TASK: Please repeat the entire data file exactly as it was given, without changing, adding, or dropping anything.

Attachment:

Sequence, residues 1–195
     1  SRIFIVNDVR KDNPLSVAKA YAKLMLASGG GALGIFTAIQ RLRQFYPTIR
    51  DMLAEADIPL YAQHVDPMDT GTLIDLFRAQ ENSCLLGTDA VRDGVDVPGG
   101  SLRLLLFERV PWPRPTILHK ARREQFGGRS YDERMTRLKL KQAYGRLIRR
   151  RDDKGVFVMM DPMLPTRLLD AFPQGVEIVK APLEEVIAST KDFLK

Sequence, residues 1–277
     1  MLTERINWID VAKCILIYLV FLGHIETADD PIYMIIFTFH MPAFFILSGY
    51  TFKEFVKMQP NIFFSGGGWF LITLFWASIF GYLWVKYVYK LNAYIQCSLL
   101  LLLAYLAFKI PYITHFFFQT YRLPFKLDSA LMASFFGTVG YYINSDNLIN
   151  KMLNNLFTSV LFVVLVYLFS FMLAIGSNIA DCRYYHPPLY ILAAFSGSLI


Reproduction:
Sequence, residues 1–195
     1  SRIFIVNDVR KDNPLSVAKA YAKLMLASGG GALGIFTAIQ RLRQFYPTIR
    51  DMLAEADIPL YAQHVDPMDT GTLIDLFRAQ ENSCLLGTDA VRDGVDVPGG
   101  SLRLLLFERV PWPRPTILHK ARREQFGGRS YDERMTRLKL KQAYGRLIRR
   151  RDDKGVFVMM DPMLPTRLLD AFPQGVEIVK APLEEVIAST KDFLK

Sequence, residues 1–277
     1  MLTERINWID VAKCILIYLV FLGHIETADD PIYMIIFTFH MPAFFILSGY
    51  TFKEFVKMQP NIFFSGGGWF LITLFWASIF GYLWVKYVYK LNAYIQCSLL
   101  LLLAYLAFKI PYITHFFFQT YRLPFKLDSA LMASFFGTVG YYINSDNLIN
   151  KMLNNLFTSV LFVVLVYLFS FMLAIGSNIA DCRYYHPPLY ILAAFSGSLI